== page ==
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Why Organ Transplants Can Lead to Diabetes

Getting a new heart, liver, kidney, lung, or other organ can save your life. Sometimes, it can also lead to type 2 diabetes.

How often does it happen? Experts aren't sure, but it could affect more than 1 in 10 people who get a transplant. For them, diabetes is especially risky. It makes organ rejection and dangerous infections more likely. But it can be treated.

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What Causes Diabetes After an Organ Transplant?

After an organ transplant, you need to take drugs for the rest of your life so your body doesn’t reject the new organ. These drugs help organ transplants succeed, but many of them, such as the medication tacrolimus (Astagraf, Prograf) or steroids, can cause diabetes or worsen it.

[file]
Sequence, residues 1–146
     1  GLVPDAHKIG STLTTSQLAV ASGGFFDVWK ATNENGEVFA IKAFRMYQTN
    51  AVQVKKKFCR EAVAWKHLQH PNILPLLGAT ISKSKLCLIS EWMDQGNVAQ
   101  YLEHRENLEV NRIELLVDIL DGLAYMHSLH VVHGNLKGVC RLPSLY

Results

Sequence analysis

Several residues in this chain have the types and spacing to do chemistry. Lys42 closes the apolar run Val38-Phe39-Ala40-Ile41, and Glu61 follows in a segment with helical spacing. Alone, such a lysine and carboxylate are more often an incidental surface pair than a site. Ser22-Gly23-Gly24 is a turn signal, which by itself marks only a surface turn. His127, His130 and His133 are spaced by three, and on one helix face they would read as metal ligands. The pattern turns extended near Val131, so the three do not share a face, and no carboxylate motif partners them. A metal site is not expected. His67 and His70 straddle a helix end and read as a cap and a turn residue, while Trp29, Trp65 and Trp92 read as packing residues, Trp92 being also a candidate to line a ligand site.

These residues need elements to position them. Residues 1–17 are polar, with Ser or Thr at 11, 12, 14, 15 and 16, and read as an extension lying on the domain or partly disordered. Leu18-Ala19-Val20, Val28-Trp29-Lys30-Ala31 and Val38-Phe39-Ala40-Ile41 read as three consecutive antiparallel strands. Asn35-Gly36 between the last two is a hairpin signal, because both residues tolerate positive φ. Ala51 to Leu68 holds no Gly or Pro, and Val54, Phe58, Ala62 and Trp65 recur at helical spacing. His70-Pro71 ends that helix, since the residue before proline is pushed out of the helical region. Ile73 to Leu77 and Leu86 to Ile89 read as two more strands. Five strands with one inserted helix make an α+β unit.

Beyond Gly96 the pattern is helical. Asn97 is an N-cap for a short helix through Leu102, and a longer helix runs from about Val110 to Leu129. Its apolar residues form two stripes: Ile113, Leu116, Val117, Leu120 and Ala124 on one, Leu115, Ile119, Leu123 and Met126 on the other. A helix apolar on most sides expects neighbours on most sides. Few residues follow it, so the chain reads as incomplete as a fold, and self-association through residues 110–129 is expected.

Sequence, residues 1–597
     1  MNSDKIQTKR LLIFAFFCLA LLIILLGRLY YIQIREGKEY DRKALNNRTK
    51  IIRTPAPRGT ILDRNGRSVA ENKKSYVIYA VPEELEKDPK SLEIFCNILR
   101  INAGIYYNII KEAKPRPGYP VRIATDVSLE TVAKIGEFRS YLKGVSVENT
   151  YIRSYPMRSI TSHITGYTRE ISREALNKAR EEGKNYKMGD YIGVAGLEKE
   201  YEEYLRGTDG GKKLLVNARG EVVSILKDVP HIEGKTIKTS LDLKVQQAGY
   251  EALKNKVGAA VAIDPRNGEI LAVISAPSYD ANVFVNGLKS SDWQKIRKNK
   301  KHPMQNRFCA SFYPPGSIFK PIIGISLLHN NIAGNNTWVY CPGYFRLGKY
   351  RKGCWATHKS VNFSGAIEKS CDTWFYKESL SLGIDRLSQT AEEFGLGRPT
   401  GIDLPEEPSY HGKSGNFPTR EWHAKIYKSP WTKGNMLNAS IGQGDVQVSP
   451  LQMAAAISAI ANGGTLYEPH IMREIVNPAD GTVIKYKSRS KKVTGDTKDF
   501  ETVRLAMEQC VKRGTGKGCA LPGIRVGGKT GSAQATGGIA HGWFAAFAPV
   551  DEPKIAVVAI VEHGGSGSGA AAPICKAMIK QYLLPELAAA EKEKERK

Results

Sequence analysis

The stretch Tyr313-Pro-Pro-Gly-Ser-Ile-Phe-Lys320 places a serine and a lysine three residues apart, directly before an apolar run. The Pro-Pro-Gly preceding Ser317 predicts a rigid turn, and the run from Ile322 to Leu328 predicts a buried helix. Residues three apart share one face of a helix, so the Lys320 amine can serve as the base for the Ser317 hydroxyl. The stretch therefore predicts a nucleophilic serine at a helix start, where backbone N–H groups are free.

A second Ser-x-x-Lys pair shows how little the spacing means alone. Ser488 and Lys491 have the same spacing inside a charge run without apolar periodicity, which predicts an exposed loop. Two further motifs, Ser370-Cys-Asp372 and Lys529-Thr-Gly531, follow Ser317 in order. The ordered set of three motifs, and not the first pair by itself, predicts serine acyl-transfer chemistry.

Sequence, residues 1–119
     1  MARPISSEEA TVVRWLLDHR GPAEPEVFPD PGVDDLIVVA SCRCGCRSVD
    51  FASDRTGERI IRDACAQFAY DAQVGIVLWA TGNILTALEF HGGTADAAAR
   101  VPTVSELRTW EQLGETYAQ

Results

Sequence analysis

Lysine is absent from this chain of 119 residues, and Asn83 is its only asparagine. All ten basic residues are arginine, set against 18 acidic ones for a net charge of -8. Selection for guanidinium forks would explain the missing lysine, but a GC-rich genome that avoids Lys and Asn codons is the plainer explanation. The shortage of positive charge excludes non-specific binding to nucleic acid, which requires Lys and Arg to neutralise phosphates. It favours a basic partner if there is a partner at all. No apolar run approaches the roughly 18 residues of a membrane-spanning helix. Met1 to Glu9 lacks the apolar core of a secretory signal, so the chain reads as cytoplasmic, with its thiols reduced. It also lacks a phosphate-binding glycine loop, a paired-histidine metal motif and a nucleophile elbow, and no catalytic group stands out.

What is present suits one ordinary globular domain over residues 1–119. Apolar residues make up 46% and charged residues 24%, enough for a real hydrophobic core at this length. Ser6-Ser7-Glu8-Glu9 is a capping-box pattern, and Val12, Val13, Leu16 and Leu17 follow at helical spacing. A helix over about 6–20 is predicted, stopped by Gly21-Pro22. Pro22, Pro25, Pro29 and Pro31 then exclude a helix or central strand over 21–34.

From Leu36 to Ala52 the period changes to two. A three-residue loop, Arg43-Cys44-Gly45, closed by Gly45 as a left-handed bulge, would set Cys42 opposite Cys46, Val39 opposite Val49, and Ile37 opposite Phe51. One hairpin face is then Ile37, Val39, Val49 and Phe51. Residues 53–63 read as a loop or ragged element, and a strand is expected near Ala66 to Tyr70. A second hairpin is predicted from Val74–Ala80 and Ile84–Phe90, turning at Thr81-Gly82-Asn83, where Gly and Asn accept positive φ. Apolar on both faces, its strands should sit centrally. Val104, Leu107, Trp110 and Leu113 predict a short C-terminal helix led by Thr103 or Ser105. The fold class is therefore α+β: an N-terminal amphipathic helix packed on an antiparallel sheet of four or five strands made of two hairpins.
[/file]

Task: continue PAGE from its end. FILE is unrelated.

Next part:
Apart from those medicines, you are also more likely to get diabetes if:

  • You’re obese.
  • Diabetes runs in your family.
  • You're African-American or Latino.
  • You're older than 40.
  • You have hepatitis C.

Talk to your doctor if you think that you're at high risk of getting diabetes. He may be able to prescribe medicines that are less likely to cause it.

Will It Last?

Diabetes after an organ transplant may go away if your doctor changes or lowers your medication dosage. Many people can stop taking steroids after 6 months or so. This may solve the problem.

While someone has diabetes, they may need medicine to manage it. Lifestyle changes make a difference, too. They include:

WebMD Medical Reference

Reviewed by Michael Dansinger, MD on January 27, 2015

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